Figure 3.
Photograph of the voucher specimens of Nyssa yunnanensis, stored in the CNGB herbarium (voucher RL0289).
DNA extraction and sequencing
Total genomic DNA was extracted from leaf tissues of N. yunnanensis using a modified CTAB method [13]. Quality control was done using a NanoDrop One UV-Vis spectrophotometer (Thermo Fisher Scientific, USA) and a Qubit 3.0 Fluorometer (Thermo Fisher Scientific, USA). A Sage Science Pippin Pulse electrophoresis system was used to evaluate the molecular weight of the DNA and high-molecular-weight (HMW) gDNA with a length of around 50 kb was obtained for further sequencing. The HMW gDNA was then loaded onto a Chromium Controller chip with 10X Chromium reagents and gel beads, and the rest of the library preparation procedures were carried out according to the manufacturer’s protocol [14]. Subsequently, the sequencing was performed on a DNBSEQ-G50 (previously known as BGISEQ-500, RRID:SCR_017979) platform at BGI-Shenzhen (BGI Co. Ltd., Shenzhen, China) according to the manufacturer’s instructions [15]. Using the whole-genome shotgun sequencing strategy, a total of ∼163.66 Gb of raw data (150 bp, paired-end) was eventually generated, covering about 100× the sequencing depth of the 1.64 Gb estimated genome size. All of the newly generated raw 10X Genomics reads were trimmed and filtered for adapter sequences and low-quality reads using Trimmomatic v. 0.38 (Trimmomatic, RRID:SCR_011848) [16] with the parameters “ILLUMINACLIP:adapter.fa:2:35:4 HEADCROP:5 LEADING:3 TRAILING:3 SLIDINGWINDOW:5:15 MINLEN:50”.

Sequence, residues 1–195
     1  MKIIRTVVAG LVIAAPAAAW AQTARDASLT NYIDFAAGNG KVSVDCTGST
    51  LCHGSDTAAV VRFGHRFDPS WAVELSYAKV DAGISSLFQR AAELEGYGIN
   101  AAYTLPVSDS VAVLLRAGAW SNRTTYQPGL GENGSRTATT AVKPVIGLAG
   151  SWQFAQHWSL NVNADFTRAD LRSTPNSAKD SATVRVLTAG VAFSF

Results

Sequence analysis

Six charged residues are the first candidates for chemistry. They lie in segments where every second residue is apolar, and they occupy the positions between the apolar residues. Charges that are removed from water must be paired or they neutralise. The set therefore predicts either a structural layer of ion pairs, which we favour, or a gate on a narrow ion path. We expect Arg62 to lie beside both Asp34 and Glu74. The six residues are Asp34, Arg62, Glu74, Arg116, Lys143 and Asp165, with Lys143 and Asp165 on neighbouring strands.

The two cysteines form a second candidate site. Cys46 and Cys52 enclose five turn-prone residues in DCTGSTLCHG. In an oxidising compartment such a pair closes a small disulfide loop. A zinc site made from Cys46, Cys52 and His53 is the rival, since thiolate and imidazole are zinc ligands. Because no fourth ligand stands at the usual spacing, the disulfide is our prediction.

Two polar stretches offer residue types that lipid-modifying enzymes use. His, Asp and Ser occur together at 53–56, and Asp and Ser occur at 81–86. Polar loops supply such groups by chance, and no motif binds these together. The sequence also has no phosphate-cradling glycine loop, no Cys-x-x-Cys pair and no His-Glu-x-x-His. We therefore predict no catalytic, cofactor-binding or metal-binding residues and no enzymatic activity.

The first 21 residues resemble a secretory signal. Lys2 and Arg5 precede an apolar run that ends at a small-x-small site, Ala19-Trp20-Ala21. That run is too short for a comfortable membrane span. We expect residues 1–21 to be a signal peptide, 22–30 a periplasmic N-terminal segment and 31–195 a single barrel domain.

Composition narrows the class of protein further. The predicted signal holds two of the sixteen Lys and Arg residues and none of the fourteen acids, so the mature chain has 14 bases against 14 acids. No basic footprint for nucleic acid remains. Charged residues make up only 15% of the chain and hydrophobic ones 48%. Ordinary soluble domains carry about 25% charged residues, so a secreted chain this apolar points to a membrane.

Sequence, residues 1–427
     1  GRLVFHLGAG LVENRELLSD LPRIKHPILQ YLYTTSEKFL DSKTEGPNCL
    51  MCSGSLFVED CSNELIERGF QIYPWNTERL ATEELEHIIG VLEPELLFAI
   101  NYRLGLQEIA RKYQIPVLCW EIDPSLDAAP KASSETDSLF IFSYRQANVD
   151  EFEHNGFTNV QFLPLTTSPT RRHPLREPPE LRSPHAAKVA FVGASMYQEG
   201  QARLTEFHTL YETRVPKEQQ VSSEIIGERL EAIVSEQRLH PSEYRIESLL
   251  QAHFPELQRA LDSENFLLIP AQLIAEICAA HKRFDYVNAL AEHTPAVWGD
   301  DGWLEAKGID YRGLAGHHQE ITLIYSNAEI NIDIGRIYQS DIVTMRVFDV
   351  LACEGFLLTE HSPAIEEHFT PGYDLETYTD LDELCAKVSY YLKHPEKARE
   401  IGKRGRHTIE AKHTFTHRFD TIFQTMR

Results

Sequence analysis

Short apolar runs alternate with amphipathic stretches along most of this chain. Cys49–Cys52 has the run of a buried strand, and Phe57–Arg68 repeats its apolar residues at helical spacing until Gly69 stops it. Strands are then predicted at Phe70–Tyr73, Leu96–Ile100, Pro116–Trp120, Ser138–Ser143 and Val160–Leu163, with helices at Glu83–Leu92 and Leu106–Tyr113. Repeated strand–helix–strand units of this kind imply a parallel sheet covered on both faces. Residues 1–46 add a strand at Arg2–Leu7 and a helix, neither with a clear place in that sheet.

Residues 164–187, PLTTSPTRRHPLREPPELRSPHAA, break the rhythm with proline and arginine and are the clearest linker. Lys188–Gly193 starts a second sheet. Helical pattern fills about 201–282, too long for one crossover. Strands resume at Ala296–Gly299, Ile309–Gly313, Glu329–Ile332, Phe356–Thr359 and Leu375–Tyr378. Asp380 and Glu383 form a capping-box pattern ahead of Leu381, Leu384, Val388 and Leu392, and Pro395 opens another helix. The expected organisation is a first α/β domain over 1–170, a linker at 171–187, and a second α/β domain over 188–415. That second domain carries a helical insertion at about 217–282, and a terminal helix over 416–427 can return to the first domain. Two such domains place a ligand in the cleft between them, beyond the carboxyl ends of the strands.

RNA extraction and sequencing
Total RNA was extracted from young leaves of the same individual N. yunnanensis tree using a CTAB-pBIOZOL method [17]. The purity, concentration, and integrity of RNA samples were measured on a NanoDrop One UV-Vis spectrophotometer (Thermo Fisher Scientific, USA), a Qubit 3.0 Fluorometer (Thermo Fisher Scientific, USA) and with Agilent 2100 Bioanalyzer on-chip electrophoresis (Agilent Technologies, Inc; Santa Clara, CA) [18], respectively, to ensure that the samples qualified for transcriptome sequencing. The cDNA library was prepared using the TruSeq RNA Sample Preparation Kit v2 (Illumina, San Diego, CA, USA), and then sequenced on a DNBSEQ-G50 platform at BGI-Shenzhen (BGI Co. Ltd., Shenzhen, China), resulting in ∼8.85 Gb of raw transcriptome data (150 bp, paired-end). All of the raw sequence reads were further filtered using SOAPfilter v2.2 (SOAP, RRID:SCR_000689) with the parameters “-y -q 33 -i 200 -g 1 -M 2 -Q 20” to remove the adapters and low-quality reads.
Genome size estimation
The 1.64 Gb genome size of N. yunnanensis was estimated using the 21 k-mer counts of clean reads from the 10X Genomics library. First, K-mer frequency distribution analyses were performed using the kmer_freq_hash software within the gce v1.0.0 package (GCE, RRID:SCR_017332) based on the clean 10X Genomics data with the parameters “-k 21 -l reads.lst -t 8”. Then, gce software within the same package was used to estimate the overall characteristics of the genome, including genome size, repeat proportions, and level of heterozygosity [19].
De novo genome assembly